Category Archives: contests

Flash a Light Bulb, Win a Prize

How many geeks does it take to flash a lightbulb? Judging from the list of entries in the 2017 Flashing Light Prize, so far only seven. But we suspect Hackaday readers can add to that total.

The goal is almost as simple as possible: build something that can flash an incandescent light bulb for at least five minutes. The system actually has to power the bulb’s filament, so no mechanical shutters are allowed. Other than that, the sky is the limit — any voltage, any wattage, any frequency and duty cycle, and any circuit. Some of the obvious circuits, like …read more

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U.S Air Force Is Going To Get Hacked

[HackerOne] has announced that US Dept of Defense (DoD) has decided to run their biggest bug bounty program ever, Hack the Air force.

You may remember last year there was the Hack the Pentagon bug bounty program, Well this year on the coattails of last year’s success the DoD has decided to run an even bigger program this year: Hack The Air force. Anyone from “The Five Eyes” countries (Australia, Canada, New Zealand, the United Kingdom and of course the United States) can take part. This is a change in format from the Pentagon challenge which was only open to …read more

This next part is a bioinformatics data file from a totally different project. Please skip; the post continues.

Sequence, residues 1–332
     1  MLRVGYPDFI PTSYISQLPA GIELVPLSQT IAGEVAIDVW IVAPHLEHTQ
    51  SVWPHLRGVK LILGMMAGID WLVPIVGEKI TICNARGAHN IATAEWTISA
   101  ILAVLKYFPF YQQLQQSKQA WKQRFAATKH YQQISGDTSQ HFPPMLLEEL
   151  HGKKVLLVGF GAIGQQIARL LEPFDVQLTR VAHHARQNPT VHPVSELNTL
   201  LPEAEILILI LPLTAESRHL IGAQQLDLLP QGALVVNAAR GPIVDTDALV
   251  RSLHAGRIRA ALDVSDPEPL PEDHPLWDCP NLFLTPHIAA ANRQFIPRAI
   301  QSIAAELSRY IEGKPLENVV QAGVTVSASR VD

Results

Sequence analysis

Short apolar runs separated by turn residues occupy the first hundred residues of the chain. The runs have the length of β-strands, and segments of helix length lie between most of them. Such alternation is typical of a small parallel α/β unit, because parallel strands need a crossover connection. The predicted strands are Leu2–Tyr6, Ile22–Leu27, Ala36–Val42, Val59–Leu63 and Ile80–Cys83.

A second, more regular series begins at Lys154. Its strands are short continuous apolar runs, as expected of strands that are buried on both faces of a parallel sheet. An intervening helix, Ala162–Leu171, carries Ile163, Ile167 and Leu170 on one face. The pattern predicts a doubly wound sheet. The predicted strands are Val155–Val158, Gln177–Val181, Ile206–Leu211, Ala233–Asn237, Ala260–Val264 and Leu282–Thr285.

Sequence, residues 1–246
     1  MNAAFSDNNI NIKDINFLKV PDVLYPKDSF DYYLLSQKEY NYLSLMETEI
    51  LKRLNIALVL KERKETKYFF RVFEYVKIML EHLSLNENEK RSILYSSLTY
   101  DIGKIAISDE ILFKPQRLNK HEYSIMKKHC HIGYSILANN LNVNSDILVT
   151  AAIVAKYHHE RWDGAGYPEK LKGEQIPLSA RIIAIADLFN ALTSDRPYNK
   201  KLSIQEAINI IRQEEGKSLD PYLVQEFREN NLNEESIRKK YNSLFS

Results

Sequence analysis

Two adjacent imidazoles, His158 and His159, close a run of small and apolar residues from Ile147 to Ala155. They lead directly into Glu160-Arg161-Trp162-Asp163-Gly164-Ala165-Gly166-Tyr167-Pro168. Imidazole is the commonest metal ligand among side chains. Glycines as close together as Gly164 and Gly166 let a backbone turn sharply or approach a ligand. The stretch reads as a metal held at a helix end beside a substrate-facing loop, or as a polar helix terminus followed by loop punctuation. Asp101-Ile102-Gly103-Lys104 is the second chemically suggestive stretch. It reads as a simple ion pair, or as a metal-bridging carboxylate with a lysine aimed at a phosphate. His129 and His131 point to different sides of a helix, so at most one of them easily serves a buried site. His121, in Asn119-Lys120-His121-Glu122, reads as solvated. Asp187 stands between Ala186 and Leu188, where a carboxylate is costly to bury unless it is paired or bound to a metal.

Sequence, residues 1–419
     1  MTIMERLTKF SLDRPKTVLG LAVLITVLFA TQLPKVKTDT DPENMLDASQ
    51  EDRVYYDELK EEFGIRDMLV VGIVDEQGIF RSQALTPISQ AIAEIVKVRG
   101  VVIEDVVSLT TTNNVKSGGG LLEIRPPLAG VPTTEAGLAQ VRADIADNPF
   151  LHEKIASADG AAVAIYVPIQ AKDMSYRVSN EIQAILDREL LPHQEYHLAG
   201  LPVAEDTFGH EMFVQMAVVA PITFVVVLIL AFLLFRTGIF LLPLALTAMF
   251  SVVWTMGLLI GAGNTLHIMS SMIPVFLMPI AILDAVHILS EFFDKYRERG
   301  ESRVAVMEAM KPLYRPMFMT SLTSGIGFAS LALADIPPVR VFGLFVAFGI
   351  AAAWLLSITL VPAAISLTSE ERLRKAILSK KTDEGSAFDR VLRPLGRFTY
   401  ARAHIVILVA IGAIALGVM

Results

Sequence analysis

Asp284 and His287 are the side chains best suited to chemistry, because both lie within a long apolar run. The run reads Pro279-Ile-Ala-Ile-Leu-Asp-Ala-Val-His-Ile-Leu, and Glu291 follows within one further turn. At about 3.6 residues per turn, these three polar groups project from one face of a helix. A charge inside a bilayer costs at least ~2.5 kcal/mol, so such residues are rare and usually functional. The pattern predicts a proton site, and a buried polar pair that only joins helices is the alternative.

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A Meteorite Gift Box

[Justin Cole] was looking for the perfect birthday gift from his wife. After some pondering, the answer fell from the sky in the form of a meteorite. The problem was how to present it. They don’t exactly make meteorite gift boxes, so [Justin] decided to build one of his own design. The box has a Russian space age theme reflecting the meteorite’s country of origin. The theme also made it a perfect entry for Hackaday’s Sci-Fi contest.

The gift box started life as an old steel film reel box. Some of us may still have boxes like this in our …read more

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A Real Star Trek Communicator Badge